from which he spins his finished fabric. ,Pope, as his
writings show, was an eager recipient of all current ru-
mours, whether they affected his aristocratic friends or the
humble denizens of Grub - street. Fully to elucidate his
poems, a commentator requires to have at his fingers' ends


the whole ckronigue scandaleuse of the day. With such
tastes, it was natural that, as the subscriptions for his
Homer began to pour in, he should be anxious to move
nearer the great social centre. London itself might be too
exciting for his health and too destructive of literary lei-
sure. Accordingly, in 1716, the little property at Binfield
was sold, and the Pope family moved to Mawson's New
Buildings, on the bank of the river at Chiswick, and " un-
der the wing of my Lord Burlington." He seems to have
been a little ashamed of the residence ; the name of it
is certainly neither aristocratic nor poetical. Two years
later, on the death of his father, he moved up the river to
the villa at Twickenham, which has always been associated
with his name, and was his home for the last twenty-five
years of his life. There he had the advantage of being
just on the boundary of the great world. He was within
easy reach of Hampton Court, Richmond, and Kew ; places
which, during Pope's residence, were frequently glorified
by the presence of George II. and his heir and natural
enemy, Frederick, Prince of Wales. Pope, indeed, did not
enjoy the honour of any personal interview with royalty.

George is said to have called him a verv honest man after


reading his Dunciad; but Pope's references to his Sover-
eign were not complimentary. There was a report, refer-
red to by Swift, that Pope had purposely avoided a visit
from Queen Caroline. He was on very friendly terms
with Mrs. Howard afterwards Lady Suffolk the pow-
erless mistress, who was intimate with two of his chief
friends, Bathurst and Peterborough, and who settled at
Marble Villa, in Twickenham. Pope and Bathurst helped
to lay out her grounds, and she stayed there to become a
friendly neighbour of Horace Walpole, who, unluckily for
lovers of gossip, did not become a Twickenhamite until


throe vrars after Pope's death. Pope was naturally more
allied with the Prince of Wales, who occasionally visited
him, and became intimate with the band of patriots and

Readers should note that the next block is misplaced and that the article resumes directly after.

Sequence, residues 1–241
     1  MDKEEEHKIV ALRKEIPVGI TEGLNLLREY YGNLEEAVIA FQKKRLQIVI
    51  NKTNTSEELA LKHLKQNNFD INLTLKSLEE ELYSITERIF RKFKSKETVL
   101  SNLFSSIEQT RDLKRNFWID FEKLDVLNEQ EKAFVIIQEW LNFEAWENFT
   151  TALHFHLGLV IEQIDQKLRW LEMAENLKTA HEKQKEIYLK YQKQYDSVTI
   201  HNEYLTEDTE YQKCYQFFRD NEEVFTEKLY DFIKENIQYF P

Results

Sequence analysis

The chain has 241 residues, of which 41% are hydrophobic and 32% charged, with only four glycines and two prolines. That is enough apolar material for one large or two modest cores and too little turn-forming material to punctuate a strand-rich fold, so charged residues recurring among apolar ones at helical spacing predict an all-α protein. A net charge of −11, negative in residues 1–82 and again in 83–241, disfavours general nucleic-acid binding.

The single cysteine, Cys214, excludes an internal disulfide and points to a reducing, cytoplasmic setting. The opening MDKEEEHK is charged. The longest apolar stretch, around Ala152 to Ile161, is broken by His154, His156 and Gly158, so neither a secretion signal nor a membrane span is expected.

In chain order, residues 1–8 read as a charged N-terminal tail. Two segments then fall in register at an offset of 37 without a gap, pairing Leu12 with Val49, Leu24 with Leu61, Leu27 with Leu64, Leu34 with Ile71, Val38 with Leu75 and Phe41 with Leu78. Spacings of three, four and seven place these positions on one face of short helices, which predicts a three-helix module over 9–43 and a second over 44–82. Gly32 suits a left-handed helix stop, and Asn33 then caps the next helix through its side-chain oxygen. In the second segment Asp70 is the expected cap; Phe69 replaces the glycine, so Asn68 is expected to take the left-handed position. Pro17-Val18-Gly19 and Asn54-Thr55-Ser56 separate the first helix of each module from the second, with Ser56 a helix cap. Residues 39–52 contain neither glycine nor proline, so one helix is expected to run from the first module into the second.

enthusiasts who saw in the heir to the throne the coming
"patriot king." Bolingbroke, too, the great inspirer of
the opposition, and Pope's most revered friend, was for
ten years at Dawley, within an easy drive. London was
easily accessible by road and by the river which bounded
his lawn. His waterman appears to have been one of the
regular members of his household. There he had every
opportunity for the indulgence of his favourite tastes.
The villa was on one of the loveliest reaches of the Thames,
not yet polluted by the encroachments of London. The
house itself was destroyed in the beginning of this centu-
ry ; and the garden (if we may trust Horace Walpole) had
been previously spoilt. This garden, says Walpole, was a
little bit of ground of five acres, enclosed by three lanes.
"Pope had twisted and twirled and rhymed and harmo-
nized this, till it appeared two or three sweet little lawns,
opening and opening beyond one another, and the whole
surrounded with impenetrable woods." These, it appears,
were hacked and hewed into mere desolation by the next
proprietor. Pope was, indeed, an ardent lover of the ris-
ing art of landscape gardening ; he was familiar with
Bridgeman and Kent, the great authorities of the time,
and his example and precepts helped to promote the de-
velopment of a less formal style. His theories are partly
indicated in the description of Timon's villa.

"His gardens next your admiration call,
On every side you look, behold the wall !
Xo pleasing intricacies intervene,
No artful wildness to perplex the scene;
Grove nods at grove, each alley has a brother,
And half the platform just reflects the other."


Pope's taste, indeed, tolerated various old-fashioned ex-
crescences which we profess to despise. lie admired mock
classical temples and obelisks erected judiciously at the
ends of vistas. His most famous piece of handiwork, the
grotto at Twickenham, still remains, and is, in fact, a short
tunnel under the hi^h road to connect his grounds with


the lawn which slopes to the river. He describes, in a let-
ter to one of his friends, his "temple wholly comprised of
shells in the rustic manner," and his famous grotto so pro-
vided with mirrors that when the doors are shut it be-
comes a camera obscura, reflecting hills, river, and boats,
and when lighted up glitters with rays reflected from bits
of looking-glass in angular form. His friends pleased him
by sending pieces of spar from the mines of Cornwall and
Derbyshire, petrifactions, marble, coral, crystals, and hum-

Online LibraryJohn MorleyEnglish men of letters (Volume 3) → online text (page 21 of 44)